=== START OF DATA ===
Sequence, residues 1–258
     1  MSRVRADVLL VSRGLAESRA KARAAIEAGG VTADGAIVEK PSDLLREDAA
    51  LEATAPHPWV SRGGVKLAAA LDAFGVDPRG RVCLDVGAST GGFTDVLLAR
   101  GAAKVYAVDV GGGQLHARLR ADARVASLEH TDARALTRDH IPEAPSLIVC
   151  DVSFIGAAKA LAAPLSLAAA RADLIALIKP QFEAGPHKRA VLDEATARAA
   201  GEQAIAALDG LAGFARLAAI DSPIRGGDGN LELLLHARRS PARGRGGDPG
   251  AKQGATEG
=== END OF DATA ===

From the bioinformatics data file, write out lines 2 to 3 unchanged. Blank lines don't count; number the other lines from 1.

     1  MSRVRADVLL VSRGLAESRA KARAAIEAGG VTADGAIVEK PSDLLREDAA
    51  LEATAPHPWV SRGGVKLAAA LDAFGVDPRG RVCLDVGAST GGFTDVLLAR